Story From Arabian Nights - Two Loaves

 Two Loaves

There was a young king who decided to put an end to the practice of begging in his country. Accordingly, beggars were led to shelters provided by the king. Those unable to work were provided with free food. But from time to time some beggars would slip from the shelters and beg from the citizens. To stop this, the young king decreed that anyone who gave alms would lose a hand. Nobody gave alms thereafter. One day the king's sister was returning from her uncle's house, in the company of her maids. On the roadside, there was a park. They took rest in the cool shades of the tree in the park. The maids received two loaves each to eat. One of the maids was having a stroll in the park when she saw an old man lying under a tree, too weak to make any movement.

"What happened to you?" asked the maid. "My daughter, I'm a traveler who lost everything to thieves. Fever made me flat here. Now I am cured of fever, but am dying of sheer hunger," the man said in a feeble voice. The maid was going to hand over her two loaves to the man when she heard an angry voice from behind, asking her to stop. She looked back and saw the king's sister observing her. "How dare you give alms? Don't you know what the king's order is?" asked the princess. "I know, your Highness. The good king wants to rid the kingdom of beggars many of whom are idlers and some of whom are thieves. This man is no beggar but a traveler nearly dying of hunger!" she said and gave away her loaves to the man. The king's sister was furious. "How dare you defy the king's order, that too despite my protest?" she asked in a shrill voice again and again. As soon as she reached the palace, she walked up to her brother and complained against the maid. "She must lose her hand!" said the king. The horrified and helpless maid was handed over to the guards. They led her away into the garden and cut off one of her hands. It was only when the maid was being led away that the king had a glimpse of her face. She was extremely beautiful and serene. 

The king could not withdraw his order for fear of being laughed at by others. But the face haunted him throughout the night. He could not sleep and never stopped repenting. In the morning he inquired about the maid from his trusted servants and learned that she was as noble as she was beautiful. The young king took a bold step. He married her. This was a blow to his sister's vanity, who was awfully jealous of that beautiful lady. Although the lady now became the queen, she showed no resentment against the king's sister. Days passed and she gave birth to a son. That made the king's sister burn in her heart with fiercer jealousy. It so happened that the king had to be away from his city for a few months. His sister, in conspiracy with some of her naughty maids, spread a rumor that the queen was a witch. How could she charm the king otherwise, even though she was disfigured, having lost a hand? Some of the maids even declared that they had seen her practicing witchcraft. The old queen mother, who had a mortal fear for witches and who also did not like a one-armed daughter-in-law, ordered that she be exiled.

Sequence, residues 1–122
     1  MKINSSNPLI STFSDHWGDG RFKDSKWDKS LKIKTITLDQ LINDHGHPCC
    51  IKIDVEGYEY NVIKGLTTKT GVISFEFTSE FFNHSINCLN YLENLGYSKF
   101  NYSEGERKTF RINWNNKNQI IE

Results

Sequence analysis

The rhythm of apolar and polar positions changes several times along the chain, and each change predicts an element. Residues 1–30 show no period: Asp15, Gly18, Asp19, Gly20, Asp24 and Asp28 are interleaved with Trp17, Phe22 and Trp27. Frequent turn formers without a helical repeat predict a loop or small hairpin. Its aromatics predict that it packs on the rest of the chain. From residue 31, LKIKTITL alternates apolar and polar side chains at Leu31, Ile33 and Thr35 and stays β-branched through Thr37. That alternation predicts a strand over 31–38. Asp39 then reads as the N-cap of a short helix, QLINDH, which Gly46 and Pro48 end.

Palace guards led the queen and her son far into the desert and abandoned her. It was evening and she was thirsty. Roaming about, she saw a river. She knelt down on the bank and stooped to put her mouth in the flow because she had only one hand and she held the child with it. The child suddenly stirred in her arm and fell into the flow. The queen searched for him in the water, but could not find him. She sat on the bank and wept bitterly. The moon rose. She came to her senses when a loving voice asked her, "Will you like to have your son back?" "Yes!" she said. She found a faint figure smilingly handing out her child to her. "Will you like to get back your lost hand?" asked another loving voice. "Yes," she said as she found another faint figure before her. Next moment she found her lost hand restored to her." "Don't go away. The king is returning home this way. How happy he will be to find you!" said both the figures. "Who are you two that did me two such good turns?" asked the amazed queen. "We are the two loaves you had sacrificed for a dying traveler!" said the figures and they dissolved in the moonlight.   

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